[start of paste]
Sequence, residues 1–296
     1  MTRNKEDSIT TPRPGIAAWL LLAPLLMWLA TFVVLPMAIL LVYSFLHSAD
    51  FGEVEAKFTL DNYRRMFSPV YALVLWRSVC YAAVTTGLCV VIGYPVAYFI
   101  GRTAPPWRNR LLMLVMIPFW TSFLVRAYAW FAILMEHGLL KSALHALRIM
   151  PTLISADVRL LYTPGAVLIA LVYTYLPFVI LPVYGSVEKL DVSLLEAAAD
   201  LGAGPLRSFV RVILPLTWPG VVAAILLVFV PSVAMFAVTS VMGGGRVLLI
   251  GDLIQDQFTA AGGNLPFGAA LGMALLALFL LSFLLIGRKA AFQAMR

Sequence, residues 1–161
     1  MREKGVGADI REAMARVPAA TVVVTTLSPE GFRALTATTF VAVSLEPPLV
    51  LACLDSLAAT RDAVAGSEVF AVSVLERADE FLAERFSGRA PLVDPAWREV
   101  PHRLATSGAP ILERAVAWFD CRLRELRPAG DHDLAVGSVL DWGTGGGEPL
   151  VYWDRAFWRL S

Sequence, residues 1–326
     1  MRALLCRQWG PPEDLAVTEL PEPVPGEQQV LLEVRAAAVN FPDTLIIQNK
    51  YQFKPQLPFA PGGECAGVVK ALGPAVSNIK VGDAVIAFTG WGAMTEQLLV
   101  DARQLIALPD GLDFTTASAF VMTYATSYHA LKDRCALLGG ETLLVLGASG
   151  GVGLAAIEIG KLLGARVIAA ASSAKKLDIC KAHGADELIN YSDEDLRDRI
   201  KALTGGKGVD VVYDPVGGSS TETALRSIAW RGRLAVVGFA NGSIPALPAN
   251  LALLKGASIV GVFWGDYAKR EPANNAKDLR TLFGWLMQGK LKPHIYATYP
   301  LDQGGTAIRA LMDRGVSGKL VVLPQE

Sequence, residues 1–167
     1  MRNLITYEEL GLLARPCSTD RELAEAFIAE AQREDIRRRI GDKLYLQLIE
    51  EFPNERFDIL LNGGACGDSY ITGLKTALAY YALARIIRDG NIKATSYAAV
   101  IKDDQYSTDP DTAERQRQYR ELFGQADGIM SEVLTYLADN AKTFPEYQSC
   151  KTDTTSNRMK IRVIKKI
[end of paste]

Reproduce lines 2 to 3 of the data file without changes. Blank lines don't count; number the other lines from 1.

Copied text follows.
     1  MTRNKEDSIT TPRPGIAAWL LLAPLLMWLA TFVVLPMAIL LVYSFLHSAD
    51  FGEVEAKFTL DNYRRMFSPV YALVLWRSVC YAAVTTGLCV VIGYPVAYFI